(STATS) - It didn't matter if it was football or baseball, checkers or, well, consuming the most food at the buffet, Carson Wentz says his competitiveness has been unlimited since he grew up in North Dakota.
So all those questions about whether coming from an FCS-level program puts him at a disadvantage as he heads into the NFL, they were never going to faze him during the buildup to this week's draft.
He belongs with all the other prospects - he knows it and he's ready to stomach anything thrown at him.
"Let me tell you right now - football is football, no matter if it's played in the Rose Bowl or on a dusty field in Bismarck," Wentz wrote Monday on The Players' Tribune.
"After competing at all-star games and the (NFL) combine, I know that I have much more in common with guys who played FBS football than I have differences. Heck, we even beat a few of their teams while I was in college. Like I said before, football is football. At North Dakota State, I was taught to recognize the same zone pressures, blitzes, stunts and twists as the other guys in the draft. Our offense would run the ball with no receivers and then spread it out wide with five guys. We did it all."
Working in a pro-style offense, Wentz guided North Dakota State to its two most recent (of five straight) FCS national championships.
The Philadelphia Eagles, who are expected to select Wentz second overall in the first round Thursday night, have both a franchise and city starved for a championship.
His gritty, let-the-results-speak-for-themselves style just might be a better fit for Philadelphia than the glitz and glamour in Los Angeles, whose Rams are expected to use the No. 1 pick on Cal quarterback Jared Goff - although they haven't said so.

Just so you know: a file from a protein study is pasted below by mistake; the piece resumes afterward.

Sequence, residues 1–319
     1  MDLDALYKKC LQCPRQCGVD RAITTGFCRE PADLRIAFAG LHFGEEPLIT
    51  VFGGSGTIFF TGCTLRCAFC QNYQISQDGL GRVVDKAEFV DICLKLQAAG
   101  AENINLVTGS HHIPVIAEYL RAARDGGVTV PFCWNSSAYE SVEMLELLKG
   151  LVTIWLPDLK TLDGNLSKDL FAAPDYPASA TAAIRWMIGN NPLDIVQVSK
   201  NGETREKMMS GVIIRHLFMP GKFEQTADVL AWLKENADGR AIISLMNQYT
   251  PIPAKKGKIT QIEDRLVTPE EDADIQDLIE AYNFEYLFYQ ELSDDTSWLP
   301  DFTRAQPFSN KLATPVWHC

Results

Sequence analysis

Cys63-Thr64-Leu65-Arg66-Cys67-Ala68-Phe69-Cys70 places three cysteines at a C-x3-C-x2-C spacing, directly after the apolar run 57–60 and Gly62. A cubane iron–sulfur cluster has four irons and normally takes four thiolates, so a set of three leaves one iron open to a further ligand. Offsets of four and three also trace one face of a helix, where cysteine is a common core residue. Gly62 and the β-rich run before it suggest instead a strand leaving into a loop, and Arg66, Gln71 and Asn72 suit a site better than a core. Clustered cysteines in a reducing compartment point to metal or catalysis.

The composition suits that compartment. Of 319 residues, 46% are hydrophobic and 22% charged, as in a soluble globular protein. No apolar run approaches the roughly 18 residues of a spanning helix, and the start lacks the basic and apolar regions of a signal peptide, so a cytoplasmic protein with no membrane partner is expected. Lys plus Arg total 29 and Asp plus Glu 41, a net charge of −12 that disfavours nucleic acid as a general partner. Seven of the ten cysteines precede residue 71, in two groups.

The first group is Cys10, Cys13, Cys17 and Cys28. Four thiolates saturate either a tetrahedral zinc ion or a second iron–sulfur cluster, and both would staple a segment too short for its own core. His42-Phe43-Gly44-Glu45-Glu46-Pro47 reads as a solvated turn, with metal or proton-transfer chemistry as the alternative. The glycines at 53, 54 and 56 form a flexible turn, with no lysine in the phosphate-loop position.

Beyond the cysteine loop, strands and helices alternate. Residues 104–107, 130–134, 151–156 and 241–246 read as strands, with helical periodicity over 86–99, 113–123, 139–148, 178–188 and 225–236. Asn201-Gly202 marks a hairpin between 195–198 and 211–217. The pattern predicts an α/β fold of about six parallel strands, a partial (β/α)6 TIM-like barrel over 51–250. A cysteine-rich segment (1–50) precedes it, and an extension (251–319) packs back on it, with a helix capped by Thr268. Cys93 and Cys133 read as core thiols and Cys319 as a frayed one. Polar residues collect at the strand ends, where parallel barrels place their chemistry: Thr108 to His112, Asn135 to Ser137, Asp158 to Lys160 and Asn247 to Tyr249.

"The speed will be an adjustment, but it is for everybody, whether you're coming from the SEC or Division III," added Wentz, who presumably would be groomed into a starter's role by the Eagles behind Sam Bradford. "I'm as ready for it as I can possibly be."
Baltimore Ravens quarterback Joe Flacco was the most recent FCS player selected in the first round - the 18th pick in 2008 from the University of Delaware. He, too, is a championship winner - the Super Bowl variety.
A native of a Philadelphia suburb across the Delaware River, Flacco knows about the toughness needed to compete in the City of Brotherly Love. He also knows about running an offense and dropping a downfield pass into tight coverage, and he foresees Wentz making a successful jump from the FCS to the NFL.
"If you're a good football player, it doesn't matter where you played at, and I think that's especially true as a quarterback," Flacco said on the "Ron Jaworski Show" on 97.5 The Fanatic.
"When you're a quarterback, it's all relative to a certain point. You're not throwing to a 6-foot-4 receiver that runs a 4.3 against all I-AA corners. The windows are the same. It might not be technically as fast as some of the higher-level games. But, at the end of the day, the window is just as small because everyone on the field is notched down a little bit."
Wentz has measured up quite well in the draft class and not just because of his prototypical size for a quarterback - 6-foot-5, 237 pounds with 10-inch hands. His throwing mechanics and arm strength, mobility and intelligence have checked all the right boxes.
Not to mention his competitiveness.
"The biggest thing I bring to the team is it's hard to beat the fact that I'm a winner," Wentz told NFL Network at his pro day last month. "Definitely, a pocket passer, but you know I feel like I can make plays on the move and extend plays. I feel like I'm very versatile, I feel like I can make plays as well on the run. I'm a competitive guy and if I'm not the best at something I'm going to work my tail off to be the best. It's just kind of how I'm wired."